As regular readers know, I’m often critical of the Navy and for good reason. However, there’s one thing the Navy is exceedingly good at and that’s selling a project. The Navy will use whatever spin, made-up stories, distorted facts, and creative accounting is needed. The corollary to this is the old saying that if you repeat a lie long enough it becomes the truth. Let’s look at the littoral combat ship and, specifically, the myth about the need for shallow draft.
We all know that the Navy can’t operate near shore or in littoral waters because of the extreme danger from enemy actions. How do we know this? Because the Navy has told us this over and over. The fact that an incoming anti-ship missile doesn’t really care what the depth of the ocean is under it is kind of glossed over. Be that as it may, even if we ignored the immediate combat threat, we know that Navy ships can’t operate in shallow waters simply due to their extreme draft. Only a specialized vessel like the LCS can even go in shallow water. That alone is justification for the LCS program. How do we know this? Because the Navy has told us this over and over.
Let me pose this question: How close do you want to be to the shore? That’s another way of asking, what activity can a ship perform in 10 ft of water that it can’t perform in 20 ft? What activity can it perform in 50 ft of water that it can’t perform in 100 ft? The entire “argument” about draft presupposes that there is some worthwhile activity that can only occur in very shallow water.
Let’s think about this, for a minute. A typical shore drops off fairly steadily and quickly from 0 ft to 100+ ft within a few hundred yards to, say, half a mile or so. Is there some beach, somewhere on Earth where the depth is only 6 ft a mile out from shore? Probably but that’s hardly typical.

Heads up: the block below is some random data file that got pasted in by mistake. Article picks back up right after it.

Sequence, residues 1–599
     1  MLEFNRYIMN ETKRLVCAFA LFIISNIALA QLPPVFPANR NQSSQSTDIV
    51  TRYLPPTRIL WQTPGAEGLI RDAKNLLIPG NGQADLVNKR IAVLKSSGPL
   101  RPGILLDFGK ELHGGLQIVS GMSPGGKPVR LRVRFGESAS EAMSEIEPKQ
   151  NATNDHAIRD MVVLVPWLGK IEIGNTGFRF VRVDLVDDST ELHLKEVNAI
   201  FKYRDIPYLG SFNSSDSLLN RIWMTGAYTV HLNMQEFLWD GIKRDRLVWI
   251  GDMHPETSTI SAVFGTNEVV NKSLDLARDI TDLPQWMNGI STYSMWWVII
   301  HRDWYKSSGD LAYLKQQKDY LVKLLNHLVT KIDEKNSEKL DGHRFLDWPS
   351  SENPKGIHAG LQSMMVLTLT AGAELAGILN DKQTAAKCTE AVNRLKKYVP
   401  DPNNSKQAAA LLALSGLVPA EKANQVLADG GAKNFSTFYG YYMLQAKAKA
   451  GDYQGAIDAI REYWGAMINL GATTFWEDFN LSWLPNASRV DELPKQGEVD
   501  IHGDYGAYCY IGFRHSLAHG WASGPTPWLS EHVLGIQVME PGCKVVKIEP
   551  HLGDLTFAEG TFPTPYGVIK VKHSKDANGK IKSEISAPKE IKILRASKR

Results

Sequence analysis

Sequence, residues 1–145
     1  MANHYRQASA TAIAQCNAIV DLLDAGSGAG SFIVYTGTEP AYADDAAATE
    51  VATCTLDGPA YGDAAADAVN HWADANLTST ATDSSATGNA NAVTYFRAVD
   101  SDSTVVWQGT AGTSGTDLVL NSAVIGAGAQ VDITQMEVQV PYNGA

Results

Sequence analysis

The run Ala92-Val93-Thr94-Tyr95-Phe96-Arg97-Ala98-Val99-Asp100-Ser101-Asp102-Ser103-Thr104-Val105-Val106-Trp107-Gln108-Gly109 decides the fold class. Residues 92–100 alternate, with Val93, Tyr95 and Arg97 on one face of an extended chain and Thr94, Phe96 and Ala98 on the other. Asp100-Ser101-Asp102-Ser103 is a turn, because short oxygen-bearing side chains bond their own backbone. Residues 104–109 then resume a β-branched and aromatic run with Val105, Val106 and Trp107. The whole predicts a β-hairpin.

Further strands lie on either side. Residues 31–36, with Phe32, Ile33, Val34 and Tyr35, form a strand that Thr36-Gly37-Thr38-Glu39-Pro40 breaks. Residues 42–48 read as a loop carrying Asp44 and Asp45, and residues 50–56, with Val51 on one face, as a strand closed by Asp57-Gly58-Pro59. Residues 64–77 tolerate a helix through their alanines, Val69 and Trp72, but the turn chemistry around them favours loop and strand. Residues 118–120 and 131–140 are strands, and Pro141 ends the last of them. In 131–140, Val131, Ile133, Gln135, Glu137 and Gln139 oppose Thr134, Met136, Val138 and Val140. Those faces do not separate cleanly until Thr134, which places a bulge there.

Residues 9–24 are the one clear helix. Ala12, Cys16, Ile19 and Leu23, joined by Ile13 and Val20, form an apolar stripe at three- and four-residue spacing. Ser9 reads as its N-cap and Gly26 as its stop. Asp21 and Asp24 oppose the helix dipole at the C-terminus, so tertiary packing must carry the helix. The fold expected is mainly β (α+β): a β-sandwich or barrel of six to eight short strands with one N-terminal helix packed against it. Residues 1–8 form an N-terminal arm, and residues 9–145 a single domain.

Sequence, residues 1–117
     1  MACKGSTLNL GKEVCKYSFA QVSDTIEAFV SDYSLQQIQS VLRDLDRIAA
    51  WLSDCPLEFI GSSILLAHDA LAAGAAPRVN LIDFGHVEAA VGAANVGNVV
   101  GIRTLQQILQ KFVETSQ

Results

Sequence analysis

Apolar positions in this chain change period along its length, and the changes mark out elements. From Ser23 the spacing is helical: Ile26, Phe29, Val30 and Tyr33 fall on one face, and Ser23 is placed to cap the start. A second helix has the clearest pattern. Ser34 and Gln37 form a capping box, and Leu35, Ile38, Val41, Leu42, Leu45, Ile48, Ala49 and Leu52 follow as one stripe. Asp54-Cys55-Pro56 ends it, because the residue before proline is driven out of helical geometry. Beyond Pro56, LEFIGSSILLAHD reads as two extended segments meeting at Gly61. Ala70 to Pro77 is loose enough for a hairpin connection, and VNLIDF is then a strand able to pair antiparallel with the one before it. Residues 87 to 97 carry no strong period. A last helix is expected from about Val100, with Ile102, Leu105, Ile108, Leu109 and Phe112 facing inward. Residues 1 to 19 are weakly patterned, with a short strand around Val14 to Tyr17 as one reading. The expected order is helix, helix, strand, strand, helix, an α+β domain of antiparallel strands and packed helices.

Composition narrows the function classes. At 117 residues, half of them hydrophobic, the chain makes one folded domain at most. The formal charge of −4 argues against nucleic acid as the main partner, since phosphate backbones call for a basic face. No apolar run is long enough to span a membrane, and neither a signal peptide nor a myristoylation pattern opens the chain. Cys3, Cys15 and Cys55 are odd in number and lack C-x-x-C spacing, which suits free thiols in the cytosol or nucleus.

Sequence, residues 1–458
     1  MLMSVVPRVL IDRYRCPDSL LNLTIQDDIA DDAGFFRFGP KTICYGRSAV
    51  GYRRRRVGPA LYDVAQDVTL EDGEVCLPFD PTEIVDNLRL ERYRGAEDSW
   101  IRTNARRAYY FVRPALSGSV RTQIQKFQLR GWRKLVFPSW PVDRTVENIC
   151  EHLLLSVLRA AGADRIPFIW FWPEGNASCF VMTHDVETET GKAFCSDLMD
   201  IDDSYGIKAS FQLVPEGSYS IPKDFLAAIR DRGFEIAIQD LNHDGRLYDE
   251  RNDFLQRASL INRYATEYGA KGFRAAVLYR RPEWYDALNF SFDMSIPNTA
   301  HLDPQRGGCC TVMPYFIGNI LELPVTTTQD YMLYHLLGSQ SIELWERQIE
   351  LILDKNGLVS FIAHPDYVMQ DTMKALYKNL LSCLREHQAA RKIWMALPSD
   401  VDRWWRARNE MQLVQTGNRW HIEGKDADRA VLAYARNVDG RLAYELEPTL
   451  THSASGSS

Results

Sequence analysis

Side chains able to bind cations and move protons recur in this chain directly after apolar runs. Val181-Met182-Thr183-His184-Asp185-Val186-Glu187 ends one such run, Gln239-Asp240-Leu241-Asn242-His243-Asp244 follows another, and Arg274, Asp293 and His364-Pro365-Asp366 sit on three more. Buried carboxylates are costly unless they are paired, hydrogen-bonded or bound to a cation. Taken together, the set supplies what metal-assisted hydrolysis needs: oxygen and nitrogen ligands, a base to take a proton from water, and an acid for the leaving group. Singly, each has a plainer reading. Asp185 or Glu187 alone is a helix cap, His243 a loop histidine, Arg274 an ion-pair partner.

Now, let’s do a quick check of some actual naval vessel drafts.
Nimitz Class – 40 ft
Burke Class – 30 ft
LCS Class – 14 ft
Well, that’s interesting. Referring back to our notional shore profile, and even allowing for a depth of twice the draft for operating safety, a Nimitz could stand to within a few hundred yards to a half mile or so off a beach.
Now think about that. What needed function is there that would require a ship to get closer to shore than a few hundred yards or a half mile or so? Because that’s exactly what the Navy sold us on – that there was some function that only a shallow draft ship could perform and therefore the LCS program was needed. What is that function? Chasing a guy in a motorboat? – I guess so but that hardly justifies a $500M+ LCS and the LCS can still only operate within 28 ft of depth so it can’t “run down” a motorboat in shallow water anyway. Neutralizing near-shore mines? Yeah! No, wait. Now that I think about it, the LCS is meant to stand well off from mines so shallow draft isn’t needed. Shallow water ASW? No, even diesel subs require a hundred plus feet of water to operate in and, besides, the LCS can’t perform ASW in shallow water – the towed arrays can’t deploy. Gun support for troops ashore? Burkes can get within a few hundred yards to a half mile. Would an extra hundred yards of inland range make any difference? Besides, the LCS isn’t a gun support ship anyway.
You get my point. I can’t think of a naval ship function that is required in the 28 ft – 80 ft depth that can’t be performed in 60 ft - 80+ ft which is what a Nimitz or Burke can do.